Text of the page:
Dixie Gatchel will turn 92 in May. Along with her husband, Clay, who died in 2005, Gatchel volunteered at Mount Rainier National Park for nearly 15 years, including a long stint running the park’s volunteer program.
It’s just one notable accomplishment in a life spent, in large part, dedicated to enjoying the park and encouraging others to do the same. In 2003, The News Tribune’s Jeffrey P. Mayor noted that the Gatchels have each spent 17,000 hours volunteering at the park — the equivalent of more than eight years of 40-hour work weeks.
But Gatchel’s relationship with Mount Rainier goes beyond that impressive feat. In 1948, she and her husband spent their “so-called honeymoon” in an “old leaky tent” at the old Longmire Campground, she recalled during a recent phone conversation.
Gatchel knows the park better than most.
Now she’s part of a broad coalition of people working to create what could be a game-changing project for not just Mount Rainier, but the communities in the iconic mountain’s shadow.
Spearheaded by the Puyallup Watershed Initiative’s Active Transportation Community of Interest, this week the organization and regional partners such as the Foothills Rails to Trails Coalition and ForeverGreen Trails officially launched an effort to build momentum for what’s being called the Tahoma to Tacoma Trail Network.
Specifically, the vision is to finish “a region-wide system of attractive, safe, low-stress connections” trails, all the way from Point Defiance Park in Tacoma to Mount Rainier National Park.
According to the Watershed Initiative’s Liz Kaster, the idea of a connected series of trails from Tacoma to Mount Rainier goes back decades.
Still, an official campaign to make it happen is something different — and that’s exactly the undertaking of Kaster and the Watershed Initiative. The effort, which Kaster says has been building for about a year, hopes to gain steam Thursday night when a report by Alta Planning and Design will be presented at an event at Court House Square in Tacoma.
The plan, at this point, includes a “main alignment” running through parts of Fife, Puyallup and Sumner and a secondary “Pipeline Trail Alignment” that would provide access from Tacoma to the South Hill area before rejoining the main line and continuing on through Orting, South Prairie, Wilkeson and Carbonado. In addition to providing access to Mount Rainier, Kaster says the network would also create “key transportation routes for those communities.”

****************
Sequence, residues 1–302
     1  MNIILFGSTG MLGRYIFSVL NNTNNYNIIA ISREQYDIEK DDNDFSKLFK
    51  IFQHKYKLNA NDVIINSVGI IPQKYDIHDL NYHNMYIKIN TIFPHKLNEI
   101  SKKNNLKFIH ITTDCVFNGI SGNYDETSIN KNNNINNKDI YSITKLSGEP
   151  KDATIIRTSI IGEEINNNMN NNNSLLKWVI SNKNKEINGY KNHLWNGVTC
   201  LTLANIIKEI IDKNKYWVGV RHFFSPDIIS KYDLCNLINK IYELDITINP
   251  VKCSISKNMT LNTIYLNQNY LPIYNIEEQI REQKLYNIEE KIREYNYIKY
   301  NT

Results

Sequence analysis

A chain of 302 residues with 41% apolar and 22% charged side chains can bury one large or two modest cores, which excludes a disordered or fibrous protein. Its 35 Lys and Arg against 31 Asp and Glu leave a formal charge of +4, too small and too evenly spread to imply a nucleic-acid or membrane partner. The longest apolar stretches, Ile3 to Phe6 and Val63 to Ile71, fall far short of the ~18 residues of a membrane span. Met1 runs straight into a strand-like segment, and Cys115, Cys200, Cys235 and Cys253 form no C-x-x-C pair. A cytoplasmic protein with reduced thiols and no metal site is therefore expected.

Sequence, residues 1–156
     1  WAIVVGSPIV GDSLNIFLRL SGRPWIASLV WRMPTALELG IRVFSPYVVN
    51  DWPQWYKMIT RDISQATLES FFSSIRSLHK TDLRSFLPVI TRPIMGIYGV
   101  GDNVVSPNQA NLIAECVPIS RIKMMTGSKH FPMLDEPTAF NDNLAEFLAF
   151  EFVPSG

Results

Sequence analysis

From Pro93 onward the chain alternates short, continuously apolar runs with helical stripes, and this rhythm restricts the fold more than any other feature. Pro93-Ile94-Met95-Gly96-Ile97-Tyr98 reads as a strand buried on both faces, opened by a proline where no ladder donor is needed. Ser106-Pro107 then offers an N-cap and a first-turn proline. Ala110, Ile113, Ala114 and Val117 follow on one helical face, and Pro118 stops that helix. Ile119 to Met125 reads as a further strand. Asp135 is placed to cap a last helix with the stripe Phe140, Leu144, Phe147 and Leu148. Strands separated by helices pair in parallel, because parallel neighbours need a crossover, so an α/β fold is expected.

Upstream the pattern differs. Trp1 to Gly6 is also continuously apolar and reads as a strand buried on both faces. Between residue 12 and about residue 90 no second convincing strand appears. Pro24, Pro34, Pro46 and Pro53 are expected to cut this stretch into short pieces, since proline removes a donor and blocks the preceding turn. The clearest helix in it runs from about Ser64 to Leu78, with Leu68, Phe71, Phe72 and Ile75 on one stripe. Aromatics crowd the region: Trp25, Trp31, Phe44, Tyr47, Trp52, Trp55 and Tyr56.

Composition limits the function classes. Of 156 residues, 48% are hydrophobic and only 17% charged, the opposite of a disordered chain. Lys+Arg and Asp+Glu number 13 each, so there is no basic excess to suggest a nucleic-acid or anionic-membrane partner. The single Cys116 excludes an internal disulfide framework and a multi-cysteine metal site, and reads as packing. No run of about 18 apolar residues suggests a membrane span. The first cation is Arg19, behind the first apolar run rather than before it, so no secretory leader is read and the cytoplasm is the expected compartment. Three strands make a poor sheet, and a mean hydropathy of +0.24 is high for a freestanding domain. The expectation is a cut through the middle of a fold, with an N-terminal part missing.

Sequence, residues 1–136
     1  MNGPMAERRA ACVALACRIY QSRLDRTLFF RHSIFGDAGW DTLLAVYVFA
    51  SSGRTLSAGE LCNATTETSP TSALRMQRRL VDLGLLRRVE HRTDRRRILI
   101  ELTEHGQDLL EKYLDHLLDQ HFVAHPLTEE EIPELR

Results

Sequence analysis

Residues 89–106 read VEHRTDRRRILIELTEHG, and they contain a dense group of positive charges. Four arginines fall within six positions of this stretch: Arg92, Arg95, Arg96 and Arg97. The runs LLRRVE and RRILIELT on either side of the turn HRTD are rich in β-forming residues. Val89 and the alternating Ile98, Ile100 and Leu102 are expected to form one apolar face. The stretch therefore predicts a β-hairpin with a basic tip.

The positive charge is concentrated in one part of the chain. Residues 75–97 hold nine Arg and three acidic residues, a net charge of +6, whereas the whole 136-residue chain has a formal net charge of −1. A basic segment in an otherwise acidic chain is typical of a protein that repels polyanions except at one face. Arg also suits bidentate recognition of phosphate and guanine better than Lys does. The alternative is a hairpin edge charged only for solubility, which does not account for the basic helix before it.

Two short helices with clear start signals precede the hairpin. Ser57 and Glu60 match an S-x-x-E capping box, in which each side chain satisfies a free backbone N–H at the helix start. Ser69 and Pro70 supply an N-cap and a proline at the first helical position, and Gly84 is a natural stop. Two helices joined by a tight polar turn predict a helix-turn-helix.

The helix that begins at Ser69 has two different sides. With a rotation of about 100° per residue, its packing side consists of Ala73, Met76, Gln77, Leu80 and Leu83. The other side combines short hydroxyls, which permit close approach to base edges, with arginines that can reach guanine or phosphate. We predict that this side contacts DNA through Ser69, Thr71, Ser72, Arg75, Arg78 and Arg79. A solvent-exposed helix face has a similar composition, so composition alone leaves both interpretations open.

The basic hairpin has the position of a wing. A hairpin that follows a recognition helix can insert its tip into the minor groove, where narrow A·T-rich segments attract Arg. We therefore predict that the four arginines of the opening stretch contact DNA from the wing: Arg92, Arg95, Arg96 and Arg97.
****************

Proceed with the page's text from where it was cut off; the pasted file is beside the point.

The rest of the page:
While Kaster estimates that 30 percent of main alignment is already in place, she says additional planning work is needed to come up with a hard estimate for how much finishing the project might cost and hesitates to speculate when it could be completed. All of it, she says, “really depends on the amount of political support” that materializes. She tells me community support for the project is already strong.
Which brings us to the study. Using information from sources like the U.S. Census Bureau’s American Community Survey, Alta’s report attempts to quantify the possible economic, health, tourism and equity benefits of completing the trail.
Derek Abe, a senior planner with Alta and the report’s project manager, crunched the numbers and concluded that completing both proposed sections of the trail — a total of roughly 77 miles, some of which already exists, such as the Foothills Trail and the Puyallup Riverwalk Trail — could result in a total of more than $16 million a year in economic benefits. That includes more than $1.9 million a year in health benefits, over $4.2 million a year in transportation benefits and more than $10 million a year in tourism dollars.
“This level of walking and biking actually translates to benefits we can describe in ways that will resonate with our partners, with decision makers, and with potential funders,” Abe says. “The way we’ve found it to be most effective is often in monetary terms.”
Not surprising. But, according to Abe, the potential benefits go beyond money.
With just over 38,000 households living within a half-mile of the two alignments, and more than 286,000 households living within 3 miles, the report concludes that completing the both sections could result in an increase of 3.7 million miles biked every year in Pierce County, and provide access for over 57,000 people living below the poverty line.
As far as grand ideas go, the Tahoma to Tacoma Trail Network is grander than most. But that doesn’t mean we should dismiss it as a pipe dream.
“There are so many possibilities,” Gatchel tells me of the plan’s potential.
She’s exactly right.